There is something deeply satisfying about a fable with a time-honored story line that may offer no surprises as to plot points as it barrels along to its conclusion, but that does, nonetheless, pay strict attention to the serious moral lesson to be learned from it while also strictly adhering to a loopy, almost anarchic sense of fun. Such is NANNY MCPHEE, based on the “Nurse Matilda” books by Christianna Brand, it’s the second screenplay by, and starring, in the title role, Emma Thompson.
The Victorian brood she is called to tend by powers other than natural, are the Brown children, of which there are seven, described at the outset as very clever and very, very naughty. As the story begins, the seventeenth in a series of short-lived nannies is running screaming from their home, having been driven out in record time (the children keep a chart of such things) by being convinced that the six elder children have eaten the baby. They haven’t, of course, baby bootie convincingly on the end of a drumstick (chicken) notwithstanding, but it is the perfect introduction to the sort of black humor that pervades the proceedings. Their harried father (bemused, befuddled, and beagle-like Colin Firth) is an undertaker who always politely introduces himself to his clientele, for example.
When all seems at its most hopeless, children out of control, the agency refusing to send another nanny, the house in shambles, Papa being forced to remarry within the month or lose his allowance from awful Aunt Adelaide (Angela Lansbury), Nanny McPhee arrives at the door after several portents predicting the event. She’s a daunting figure in a mountain of black taffeta, supremely unflappable, sublime confident, with wiry hair, a snaggled tooth, hairy warts, and a nose like an overzealous kumquat. She also has a habit of suddenly appearing out of nowhere to the consternation of almost everyone, save the bombastic cook with the military background.
Nanny announces she has five lessons to teach and that when she is needed but not wanted, she will stay, but when she is wanted but not needed she will go. The kids, blissfully testy and sly as they are led by the coolly calculating Simon (Thomas Sangster), try to work out exactly how Nanny McPhee manages to foil their plots long enough to stop making bombs, in the case of one of them, and stop testing boundaries altogether for the rest of them. The children, having gotten very good at this, do their best to drive her away, but their plans, many of them fiendishly ingenious, have a tendency to go awry in ways that not only don’t drive Nanny away, they have unpleasant consequences. Far from trying to change their behavior, Nanny McPhee humors the little darlings letting their schemes play out to their logical and poetically extreme conclusions. This is no Mary Poppins with a spoonful of sugar to make everything better, though there is a spoonful of something that is viscous, black, and possibly sentient as it sits there waiting to be swallowed. And swallowed it is to the amazement of everyone except Nanny. She humors plots against others, as well, such as a concerted effort launched against a predatory woman of uncertain virtue in several senses that their father feels compelled to propose to in order to keep his family together, the thwarting of which could put them all in the workhouse or worse.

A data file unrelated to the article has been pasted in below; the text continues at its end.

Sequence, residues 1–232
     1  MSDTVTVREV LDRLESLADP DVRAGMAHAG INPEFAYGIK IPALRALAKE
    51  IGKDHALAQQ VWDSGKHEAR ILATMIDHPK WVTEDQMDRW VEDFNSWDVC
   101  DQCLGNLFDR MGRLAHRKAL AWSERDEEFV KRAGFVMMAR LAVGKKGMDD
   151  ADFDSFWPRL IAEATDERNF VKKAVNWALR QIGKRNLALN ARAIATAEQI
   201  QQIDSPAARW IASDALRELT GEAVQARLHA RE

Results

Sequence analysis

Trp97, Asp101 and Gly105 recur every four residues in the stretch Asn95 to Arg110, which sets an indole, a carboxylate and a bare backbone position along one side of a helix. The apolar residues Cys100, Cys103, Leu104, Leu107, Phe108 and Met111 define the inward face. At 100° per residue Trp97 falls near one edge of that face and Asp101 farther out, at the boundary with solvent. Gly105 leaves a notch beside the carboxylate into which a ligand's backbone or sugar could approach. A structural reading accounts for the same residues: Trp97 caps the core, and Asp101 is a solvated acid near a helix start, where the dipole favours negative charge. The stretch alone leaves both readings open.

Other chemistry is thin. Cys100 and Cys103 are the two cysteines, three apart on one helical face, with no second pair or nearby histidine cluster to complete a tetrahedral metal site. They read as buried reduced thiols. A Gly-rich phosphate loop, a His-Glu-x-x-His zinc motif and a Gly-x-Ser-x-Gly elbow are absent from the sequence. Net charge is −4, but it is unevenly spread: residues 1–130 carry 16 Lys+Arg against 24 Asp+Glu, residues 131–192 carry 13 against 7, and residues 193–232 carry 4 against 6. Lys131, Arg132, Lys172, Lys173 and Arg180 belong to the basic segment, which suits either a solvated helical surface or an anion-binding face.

That Nanny’s appearance improves as each improving moral lesson is learned can be interpreted in many ways. Meister Eckhart comes to mind with his parable of demons clawing at his flesh until he recognized them for the angels that they were trying to translate him, screaming and kicking, to a more exalted plane.
But I digress.
Thompson has a deft hand with the comic relief of what is essentially a very dark tale of a deeply dysfunctional, deeply sad family torn apart by the death of the lady of the house. They themselves, though living in a house blessed with Crayola™-like décor, are distinctly in the real world, as is their scullery maid, the big-hearted, sweet-tempered Evangeline (Kelly McDonald). It’s the rest of the world that is done in caricature, which might very well be the way children see the mysterious and scary world of outsiders. From that predatory lady whose fashion sense was inspired by a kaleidoscope, to Aunt Adelaide’s teetering soufflé of hair, hatchet nose and personality starched beyond mere testiness, to the slightly too sprightly mortician’s assistants (Derek Jacobi and Patrick Barlow) who gambol about Mr. Brown’s funeral parlor.
NANNY MCPHEE plumbs the secret sorrows of a family struggling to deal with grief and a rickety future, but it does so with smiling donkeys, riotous practical jokes, and all topped off with a food fight for the ages. It’s rollicking good fun that’s more than just a good time.